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Other drug names: A-Am An-Az B C-Ch Ci-Cz D-Dh Di-Dz E F G H I-J K-L M-Mh Mi-Mz N-Nh Ni-Nz O P-Pl Pm-Pz Q-R S-Sn So-Sz T-To Tp-Tz U-V W-Z 0-9   

Fentanyl (Transdermal-Systemic)

Brand Names

In the U.S.-

  • Duragesic

In Canada-

  • Duragesic

Category

  • Analgesic

Description

Fentanyl ( FEN-ta-nil) belongs to the group of medicines called narcotic analgesics (nar-KOT-ik an-al-GEE-ziks ) . Narcotic analgesics are used to relieve pain. The transdermal system (skin patch) form of fentanyl is used to treat chronic pain (pain that continues for a long time).

Fentanyl acts in the central nervous system (CNS) to relieve pain. Some of its side effects are also caused by actions in the CNS.

When a narcotic is used for a long time, it may become habit-forming (causing mental or physical dependence). However, people who have continuing pain should not let the fear of dependence keep them from using narcotics to relieve their pain . Mental dependence (addiction) is not likely to occur when narcotics are used for this purpose. Physical dependence may lead to withdrawal side effects if treatment is stopped suddenly. However, severe withdrawal side effects can usually be prevented by reducing the dose gradually over a period of time before treatment is stopped completely.

This medicine is available only with your doctor's prescription. Prescriptions for transdermal fentanyl cannot be refilled. You will need to obtain a new prescription from your doctor each time you need the medicine. This medicine is available in the following dosage form:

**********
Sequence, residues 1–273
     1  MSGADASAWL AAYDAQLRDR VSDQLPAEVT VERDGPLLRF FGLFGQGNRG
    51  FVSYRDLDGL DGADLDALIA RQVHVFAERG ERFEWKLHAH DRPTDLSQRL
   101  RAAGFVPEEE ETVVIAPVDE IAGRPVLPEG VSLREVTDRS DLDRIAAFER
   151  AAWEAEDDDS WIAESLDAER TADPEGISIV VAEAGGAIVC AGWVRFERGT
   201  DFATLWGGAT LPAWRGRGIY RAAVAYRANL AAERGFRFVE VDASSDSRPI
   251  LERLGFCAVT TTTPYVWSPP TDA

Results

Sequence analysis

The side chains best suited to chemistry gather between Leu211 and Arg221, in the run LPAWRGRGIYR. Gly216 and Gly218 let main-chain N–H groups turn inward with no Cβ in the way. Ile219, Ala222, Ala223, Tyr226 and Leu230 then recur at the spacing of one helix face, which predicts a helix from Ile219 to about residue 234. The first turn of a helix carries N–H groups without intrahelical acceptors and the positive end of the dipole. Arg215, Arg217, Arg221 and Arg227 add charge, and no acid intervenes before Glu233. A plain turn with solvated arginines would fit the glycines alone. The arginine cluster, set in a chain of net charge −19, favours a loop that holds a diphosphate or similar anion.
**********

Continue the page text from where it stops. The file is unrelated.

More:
Transdermal
  • Transdermal system (stick-on skin patch) (U.S. and Canada)



Before Using This Medicine

In deciding to use a medicine, the risks of using the medicine must be weighed against the good it will do. This is a decision you and your health care professional will make. For fentanyl, the following should be considered:

Allergies- Tell your health care professional if you have ever had any unusual or allergic reaction to fentanyl, alfentanil (e.g., Alfenta), or sufentanil (e.g., Sufenta). Also tell your health care professional if you are allergic to any other substances, including the adhesives that keep stick-on bandages in place.

Pregnancy- Although studies on birth defects with fentanyl have not been done in pregnant women, it has not been reported to cause birth defects. However, using any narcotic regularly during pregnancy may cause physical dependence in the fetus. This may lead to withdrawal side effects after birth. Also, use of this medicine near the end of pregnancy may cause drowsiness and breathing problems in newborn babies.

Breast-feeding- Fentanyl passes into the breast milk. Nursing babies whose mothers are using this medicine regularly may receive enough of it to cause unwanted effects such as drowsiness, breathing problems, and physical dependence. Similar effects may also occur with some other narcotics if they are taken regularly in large amounts. A mother who wishes to breast-feed and who needs treatment for continuing pain should discuss the risks and benefits of different pain treatments with her health care professional.

Children- Studies with the fentanyl skin patch have been done only in adult patients, and there is no specific information comparing the use of this medicine in children with use in other age groups.